Proposing stronger NDCs, LEDS, Paris Rulebook for Poverty Reduction and Village Development

The side event was organised in collaboration with IDEA (Sri Lanka), INFORSE (Denmark), INSEDA (India), Grameen Shakti (Bangladesh) and Centre for Rural Technology (Nepal) to showcase how NDCs and Low Emission Development Strategies (LEDS) can promote local solutions and how a good Paris Rulebook can facilitate it.

The partner organisations presented their perspectives linking EVD activities and concept to NDCs and LEDS of respective countries. Moreover, challenges of financing to scale up EVD activities were presented and a strong case was made on how it can be included in the Paris Rulebook.

Investment and implementation of local climate and development solutions are a way to meet national commitments such as NDCs. Eco Village Development is a basket of local solutions in energy, irrigation, sustainable agriculture and irrigation guided by a concept that promotes capacity building, inclusive participation in planning and implementation. As a decision maker on household energy and their role in a family and community, a woman’s role in EVD is quite important. Women are involved in social mapping, resource mapping and implementing the solutions to ameliorate the climate vulnerabilities.

The respective NDCs of India, Nepal, Bangladesh and Sri Lanka have articulated the need for climate action at ground level. Improving energy access particularly in rural areas, reducing emission by promoting green energy, energy efficiency, effort towards integrating adaptation and resilience to national planning process are some of the highlights of NDCs of Bangladesh, India, Sri Lanka and Nepal that resonate with EVD approaches and solutions. With the objective of building climate resilient communities, EVD promotes biogas, improved cook stoves, solar dryers, compost bin made up of Bamboo, solar poly houses for growing crops, appropriate cropping and rainwater harvesting which contributes to achieving sustainable development goals (SDG) and sustainable energy for all (SE4All).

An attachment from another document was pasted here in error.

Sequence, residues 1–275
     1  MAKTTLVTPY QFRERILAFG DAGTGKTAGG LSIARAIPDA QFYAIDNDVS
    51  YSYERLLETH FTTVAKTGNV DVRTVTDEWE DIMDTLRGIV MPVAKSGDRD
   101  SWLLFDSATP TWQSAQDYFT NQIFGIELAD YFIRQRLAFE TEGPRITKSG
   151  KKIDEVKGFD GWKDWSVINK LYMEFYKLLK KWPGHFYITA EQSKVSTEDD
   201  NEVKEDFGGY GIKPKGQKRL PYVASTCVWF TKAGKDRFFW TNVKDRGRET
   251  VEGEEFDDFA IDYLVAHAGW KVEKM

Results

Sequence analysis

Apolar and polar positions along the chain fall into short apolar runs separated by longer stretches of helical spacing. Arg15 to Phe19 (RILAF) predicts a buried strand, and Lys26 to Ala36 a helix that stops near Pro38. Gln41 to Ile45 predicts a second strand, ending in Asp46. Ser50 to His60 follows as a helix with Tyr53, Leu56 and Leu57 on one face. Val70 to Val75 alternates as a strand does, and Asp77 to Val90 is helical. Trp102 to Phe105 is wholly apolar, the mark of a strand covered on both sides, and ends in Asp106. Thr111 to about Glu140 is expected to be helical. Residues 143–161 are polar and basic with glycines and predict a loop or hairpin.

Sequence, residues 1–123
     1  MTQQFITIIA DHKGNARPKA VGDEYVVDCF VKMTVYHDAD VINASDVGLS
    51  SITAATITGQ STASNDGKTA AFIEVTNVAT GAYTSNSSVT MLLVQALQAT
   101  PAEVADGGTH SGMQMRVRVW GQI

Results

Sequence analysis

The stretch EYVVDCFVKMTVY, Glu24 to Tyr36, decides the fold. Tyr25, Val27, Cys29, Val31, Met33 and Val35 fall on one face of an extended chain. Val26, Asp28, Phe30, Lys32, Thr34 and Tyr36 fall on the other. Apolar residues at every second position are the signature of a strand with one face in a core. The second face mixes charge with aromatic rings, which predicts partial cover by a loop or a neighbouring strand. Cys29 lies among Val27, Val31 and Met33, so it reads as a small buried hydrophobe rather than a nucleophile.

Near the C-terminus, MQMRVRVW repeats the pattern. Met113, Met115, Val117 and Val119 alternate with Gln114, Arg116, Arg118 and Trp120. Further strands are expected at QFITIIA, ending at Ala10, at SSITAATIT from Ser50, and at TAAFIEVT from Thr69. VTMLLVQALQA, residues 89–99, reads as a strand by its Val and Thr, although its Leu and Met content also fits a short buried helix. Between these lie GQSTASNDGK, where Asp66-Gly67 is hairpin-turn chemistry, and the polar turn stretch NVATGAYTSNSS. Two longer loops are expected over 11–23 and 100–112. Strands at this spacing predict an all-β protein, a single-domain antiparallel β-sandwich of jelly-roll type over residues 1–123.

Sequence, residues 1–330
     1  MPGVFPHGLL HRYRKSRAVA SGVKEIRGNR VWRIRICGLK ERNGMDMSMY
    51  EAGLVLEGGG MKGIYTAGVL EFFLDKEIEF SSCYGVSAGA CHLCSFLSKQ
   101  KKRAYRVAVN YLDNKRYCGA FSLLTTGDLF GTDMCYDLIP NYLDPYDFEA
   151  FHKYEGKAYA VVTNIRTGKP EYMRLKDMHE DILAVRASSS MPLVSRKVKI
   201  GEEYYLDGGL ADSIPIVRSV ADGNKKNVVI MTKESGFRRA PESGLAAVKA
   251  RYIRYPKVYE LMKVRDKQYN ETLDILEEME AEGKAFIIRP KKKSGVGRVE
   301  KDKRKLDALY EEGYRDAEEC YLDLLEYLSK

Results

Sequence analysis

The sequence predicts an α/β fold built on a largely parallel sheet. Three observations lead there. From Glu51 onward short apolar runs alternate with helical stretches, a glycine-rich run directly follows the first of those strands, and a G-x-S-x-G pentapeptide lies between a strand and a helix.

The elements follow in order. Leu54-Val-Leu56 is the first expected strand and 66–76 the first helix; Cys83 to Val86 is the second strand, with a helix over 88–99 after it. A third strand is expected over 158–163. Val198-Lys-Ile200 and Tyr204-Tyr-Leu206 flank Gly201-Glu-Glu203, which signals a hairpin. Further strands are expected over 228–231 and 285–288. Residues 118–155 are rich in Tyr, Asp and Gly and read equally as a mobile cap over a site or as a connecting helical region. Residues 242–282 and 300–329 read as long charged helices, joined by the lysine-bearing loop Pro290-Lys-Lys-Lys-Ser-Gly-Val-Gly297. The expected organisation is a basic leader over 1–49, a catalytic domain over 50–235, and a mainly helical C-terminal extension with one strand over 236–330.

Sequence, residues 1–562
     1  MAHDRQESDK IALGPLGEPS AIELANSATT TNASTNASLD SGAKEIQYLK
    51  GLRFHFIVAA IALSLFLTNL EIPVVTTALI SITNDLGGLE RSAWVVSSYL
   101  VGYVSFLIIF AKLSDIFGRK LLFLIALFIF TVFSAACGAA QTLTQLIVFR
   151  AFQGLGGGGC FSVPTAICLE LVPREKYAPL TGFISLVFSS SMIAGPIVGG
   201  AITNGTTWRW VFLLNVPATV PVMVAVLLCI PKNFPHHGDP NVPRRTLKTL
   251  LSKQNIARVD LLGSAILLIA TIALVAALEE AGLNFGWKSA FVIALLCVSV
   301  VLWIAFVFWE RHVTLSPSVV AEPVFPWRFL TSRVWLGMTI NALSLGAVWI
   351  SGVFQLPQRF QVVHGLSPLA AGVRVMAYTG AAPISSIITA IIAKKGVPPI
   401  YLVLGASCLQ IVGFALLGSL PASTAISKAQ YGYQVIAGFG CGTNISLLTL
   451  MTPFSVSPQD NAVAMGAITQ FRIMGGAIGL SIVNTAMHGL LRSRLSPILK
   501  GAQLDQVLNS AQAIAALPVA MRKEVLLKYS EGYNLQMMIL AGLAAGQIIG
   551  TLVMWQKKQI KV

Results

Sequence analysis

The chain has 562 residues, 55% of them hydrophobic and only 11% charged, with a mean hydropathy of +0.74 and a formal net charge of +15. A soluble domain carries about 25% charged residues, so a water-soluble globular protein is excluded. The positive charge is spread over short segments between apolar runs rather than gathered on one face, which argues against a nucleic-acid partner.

Side Event in COP23, Bonn, Germany

Considering multitude benefits of EVD, mainstreaming EVD practices in the ongoing schemes is desired to disseminate the concept as well as help communities to deal with climate impacts. To this effect, decentralised and bottom up approach is required in addition to flow of information and finance to communities. To bring in the desired changes, local administrative structures need to be suitably modified and synergy among line agencies and civil society implementing similar initiatives be brought about. For instance, 10,000 Green Smart Villages and Gramashakthi People’s movement in Sri Lanka, climate smart village project in India, 1000+ sustainable village projects by Sustainable and Renewable Energy Development Authority (SREDA) in Bangladesh and so on.

EVD technologies have both adaptation and mitigation co-benefits in addition to generating livelihood and reducing drudgery of women. The mitigation component of EVD has been documented in a report titled “Greenhouse Gas Reduction Potential of Eco Village Development Solutions in South Asia”. The report reviewed 12 of the most popular EVD solutions and analysed the mitigation potential of 5 of them namely improved cookstoves, household Biogas, solar lighting in homes, solar and micro, mini hydro grids and solar dryer.

Financing of EVD technologies is an essential component for propagating the technologies to the vulnerable population. Finance is a key enabler that will help in making the energy transition happen in South Asia, to ensure sustainability of micro level initiatives and to align government policies and schemes as per need of people. In order to receive the required finance, the projects for dissemination of local solutions need to have both mitigation and adaptation aspects attached to it. The projects need to be profitable to attract private sector investment while not losing the sight of building climate resilience through low carbon pathway. Information gap and policy gap are observed which limit access to finance for local solutions. Thus it is necessary that NDCs and NAPs lay investment plans that attract finance including private sector support for implementation of local solutions. Using public finance to leverage private finance, devising long term strategies and appropriate policy signals to attract and derisk investments on local solutions will be useful to create enabling environment for private sector investment.

Additional links:

2. All presentations of the side event from INFORSE website